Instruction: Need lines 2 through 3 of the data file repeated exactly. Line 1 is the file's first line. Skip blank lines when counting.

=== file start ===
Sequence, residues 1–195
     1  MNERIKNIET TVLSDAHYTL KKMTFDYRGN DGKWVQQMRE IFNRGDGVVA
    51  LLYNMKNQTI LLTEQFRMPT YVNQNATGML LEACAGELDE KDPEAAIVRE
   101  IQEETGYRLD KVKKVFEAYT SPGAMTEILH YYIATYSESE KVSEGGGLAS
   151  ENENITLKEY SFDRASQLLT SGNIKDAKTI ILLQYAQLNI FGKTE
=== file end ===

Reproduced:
     1  MNERIKNIET TVLSDAHYTL KKMTFDYRGN DGKWVQQMRE IFNRGDGVVA
    51  LLYNMKNQTI LLTEQFRMPT YVNQNATGML LEACAGELDE KDPEAAIVRE